Despite water covering two-thirds of the earth’s surface, water scarcity remains a persistent issue among developed and developing countries alike. Fortunately, Adam Wood and Philip LeDuc have been working on a new solution.
It began with LeDuc’s international travel and thinking about water scarcity as one of the world’s future major challenges. “I’ve been collaborating with people in Portugal for over a decade, and they used to have these giant salt mounds near the ocean,” said LeDuc, a professor of mechanical engineering. “This made me think about biology near the salt and how that could help desalinate seawater for people. I used to say, ‘I bet you there’s bacteria in there that has probably learned to break down salt.’” This bacteria, he theorized, could be used as a natural filter. However, he explained, no student would take on this direction of research for 10 years, until Ph.D. student Adam Wood came along. Wood took these ideas and theorized using mangroves instead of bacteria. Mangroves, trees with large groupings of exposed roots that live along the edges of the water, have evolved over time to transform salt water into fresh water.
We’re trying to take something that already exists in the world and usually goes to waste and use it to produce freshwater from salty water.Adam Wood, Ph.D. student, Mechanical Engineering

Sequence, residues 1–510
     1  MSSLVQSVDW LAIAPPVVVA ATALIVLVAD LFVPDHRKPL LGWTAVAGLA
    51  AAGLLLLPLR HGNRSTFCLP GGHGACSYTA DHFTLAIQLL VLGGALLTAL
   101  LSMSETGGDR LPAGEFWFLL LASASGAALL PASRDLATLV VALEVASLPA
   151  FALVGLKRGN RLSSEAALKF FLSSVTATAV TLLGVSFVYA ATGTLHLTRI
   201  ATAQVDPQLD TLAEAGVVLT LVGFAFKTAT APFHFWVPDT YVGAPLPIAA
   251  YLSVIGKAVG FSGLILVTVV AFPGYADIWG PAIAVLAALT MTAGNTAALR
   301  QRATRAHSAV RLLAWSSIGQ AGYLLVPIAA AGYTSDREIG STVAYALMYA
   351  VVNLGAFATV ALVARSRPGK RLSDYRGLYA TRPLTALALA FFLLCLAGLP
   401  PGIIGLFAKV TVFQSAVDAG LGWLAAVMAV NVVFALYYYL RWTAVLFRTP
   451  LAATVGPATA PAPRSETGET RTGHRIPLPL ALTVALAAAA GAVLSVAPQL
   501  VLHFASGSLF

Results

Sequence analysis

They developed the mangrove system, but Wood discovered an even more clever idea shortly after: hooking up a $5 solar panel with a bonfire could create a self-sustainable system, using wasted bread as a filtration system, similar to the mangroves. “The big idea behind this is that typically, desalination systems are quite expensive. We’re trying to take something that already exists in the world and usually goes to waste and use it to produce freshwater from salty water; hence the discarded bread,” Wood said.
How will this wasted bread be acquired? Wood suggested collaborating with bread suppliers using their takeback agreements, wherein supplies not sold in grocery stores or restaurants are returned to be disposed of.
While there are multiple systems of water desalination, LeDuc and Wood’s process uses capacitive deionization, requiring only a set of carbon electrodes and a low voltage power supply. It also requires a low-resistance pathway for oxygen diffusion and water transport, for which the bread was a surprisingly perfect candidate. “It’s very high in carbon content. It has an inherently porous architecture, and the microstructure is repeatable. In general, it’s really easy to work with, and it’s one of the most wasted foods in the world,” said Wood. Their approach is meant to address one of the biggest problems in the world, water scarcity, while also developing a solution that is more cost-effective and sustainable than current technologies.
“One of the big takeaways from this,” explained LeDuc, “is that our electrodes are extremely low in cost, relative to current electrodes that people have been researching. They are also competitive in terms of their performance.” LeDuc emphasized the beauty of using something as simple as bread to desalinate water, excited to share that it met a World Health Organization standard for salinity of drinking water.
Moving forward, LeDuc and Wood plan to examine scaling their system, the manufacturing process, and what actual operation will look like. For now, LeDuc is excited to see where nature and its incredible abilities to evolve will take him next in their research.